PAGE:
Your patchwork quilt of reassurance

It’s often said that the only certainty is change. With the news at the moment, it seems the world is in an increasing state of upheaval. This can make people feel uncertain.

As always, when the stock markets are uncertain, they go up and down (or down and up). This movement can make investors feel uncertain.

That’s why we’ve put together a ‘state of the nation’ market update for you – it’s like a patchwork quilt of evidence to prove why you shouldn’t worry.

In conversations with our clients, some of them are starting to mention the news from Ukraine, the upcoming fuel price hikes, and recent movements in the stock markets.

We know it’s hard to avoid the news, but try not to let yourself be swayed by the media. Here’s why:

Maven Money Podcast

‘Maven Adviser’ points out that the market does what it’s always done, which is to move up and down, down and up. (Mostly up, as shown below.)

Meanwhile, investors move from fear to greed, and back again. During a market decline, many go towards fear. Feeling fear is human. Acting on it is often irrational.

A 2018 episode listed ’21 Investor Mistakes During a Stock Market Downturn’, including these three biggies:

  • Focusing on temporary declines, volatility and unpredictability instead of your financial plan
  • Trying to time the market. If you do this, you’ll end up selling low and buying high
  • Forgetting that all declines in a globally well-diversified equity portfolio are temporary

Remember, those are three things NOT to do.

Down, down, deeper and down?

Vanguard data, below, shows that it’s quite usual to have up to 5% drop-off (brown) when there is a crisis, but that value returns more strongly 6-12 months afterwards (green).

Betafolio sell-offs

Uncertainty always makes the markets wobble. Major news events cause volatility and day traders get busy. But, reassuringly, it doesn’t take long for markets to recover.

Greg Davis, Vanguard’s Chief Investment Officer, says: “An emotional reaction is natural. When it comes to investing, it’s best to resist the urge to act. It’s not easy, but in a situation such as this, we suggest investors steel themselves for what may come and try to keep emotions out of investing decisions.”

The only way is up!

Over the long-term, the markets decline in value roughly 25% of the time and increase around 75% of the time, as shown in this bull and bear graph from our friends at Betafolio.

UK Bull & Bears

As you can see, the dark blue areas (below the line) are when the UK markets fell as a result of an event. The cyan sections (above the line) are when markets rose. Historically, there has been much more time in ‘bull’ markets than ‘bear’ markets and that pattern is set to continue.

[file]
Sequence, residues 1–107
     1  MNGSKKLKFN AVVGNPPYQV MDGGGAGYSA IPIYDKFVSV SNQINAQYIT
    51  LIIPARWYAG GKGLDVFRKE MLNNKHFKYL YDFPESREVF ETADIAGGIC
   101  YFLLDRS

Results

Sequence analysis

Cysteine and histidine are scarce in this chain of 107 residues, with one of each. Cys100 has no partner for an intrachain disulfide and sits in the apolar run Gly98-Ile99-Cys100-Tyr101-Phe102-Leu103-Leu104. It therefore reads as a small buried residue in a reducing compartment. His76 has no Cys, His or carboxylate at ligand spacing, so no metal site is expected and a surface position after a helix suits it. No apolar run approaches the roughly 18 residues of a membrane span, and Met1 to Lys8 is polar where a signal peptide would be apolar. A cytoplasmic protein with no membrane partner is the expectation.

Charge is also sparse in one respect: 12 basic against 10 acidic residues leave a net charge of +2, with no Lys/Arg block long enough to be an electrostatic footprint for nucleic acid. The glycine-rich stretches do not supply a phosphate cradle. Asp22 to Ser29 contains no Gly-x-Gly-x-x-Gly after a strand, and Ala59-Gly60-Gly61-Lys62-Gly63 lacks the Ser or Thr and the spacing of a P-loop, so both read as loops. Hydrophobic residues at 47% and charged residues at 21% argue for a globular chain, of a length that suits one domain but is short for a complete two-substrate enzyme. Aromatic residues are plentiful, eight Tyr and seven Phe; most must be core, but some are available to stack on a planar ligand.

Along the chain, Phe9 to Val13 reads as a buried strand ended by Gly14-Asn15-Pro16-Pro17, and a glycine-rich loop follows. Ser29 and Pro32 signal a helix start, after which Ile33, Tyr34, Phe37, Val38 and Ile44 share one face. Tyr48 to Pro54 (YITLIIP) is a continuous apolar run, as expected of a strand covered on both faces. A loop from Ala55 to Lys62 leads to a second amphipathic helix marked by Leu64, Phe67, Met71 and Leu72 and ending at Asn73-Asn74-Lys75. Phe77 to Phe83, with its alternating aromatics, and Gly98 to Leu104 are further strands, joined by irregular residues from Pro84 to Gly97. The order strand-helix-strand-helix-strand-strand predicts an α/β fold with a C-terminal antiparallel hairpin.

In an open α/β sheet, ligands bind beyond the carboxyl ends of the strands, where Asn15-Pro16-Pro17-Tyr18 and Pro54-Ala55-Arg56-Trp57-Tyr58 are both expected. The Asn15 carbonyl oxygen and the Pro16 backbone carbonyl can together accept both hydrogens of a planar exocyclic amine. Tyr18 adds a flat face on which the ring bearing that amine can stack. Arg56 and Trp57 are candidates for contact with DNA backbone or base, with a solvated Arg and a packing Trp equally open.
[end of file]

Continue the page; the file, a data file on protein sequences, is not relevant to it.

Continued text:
All we have to do is wait.

What are the facts?

You might be wondering what’s happening to your portfolio as a result of Russia invading Ukraine.

There is very little money exposed to Russia. You’ll only have investments over there IF you have funds in emerging markets. Even then, with Trivium 50 (for example), the percentage that’s invested in Russia is a tiny 0.29%. This means that, whatever happens to those funds, it won’t impact your entire portfolio.

Remember, we urge you NOT to keep constantly checking market movements, as they will only cause stress. We also remind you to keep the long view, and don’t worry about short-term market fluctuations.

With Trivium 50, values are down -4.99% during the year-to-date, but that’s still 4.14% up over the past 12 months, so even the current war hasn’t undone everything. We’ve had a run of good years, with the last negative one back in 2018.

What this means to you

When you have well-diversified funds, whatever happens in one part of the world or one sector might have an impact, but it’s likely to be cancelled out by what’s going on in other parts of the world or other sectors.

All the plans we build for clients are diversified.

The main thing that makes a difference to fund returns is the cost.

All the plans we build for clients are low-cost.

This market movement is normal and expected – and it too shall pass.

No matter what happens, our fundamental advice remains: Do nothing! Focus on what you can control. Cuddle up, keep calm, and carry on.

Most of our clients are good at this (they’ve been reading our articles!) Thank you for your understanding, patience and trust. Meanwhile, our thoughts are with those directly affected by the conflict. May it pass quickly.

Related reading

Name: Lance Baron

Certified Financial Planner (CFP) based in East Sussex, UK. We support people in Southeast England with more than £500K to invest by building a financial plan that will help them live the life they want… until age 100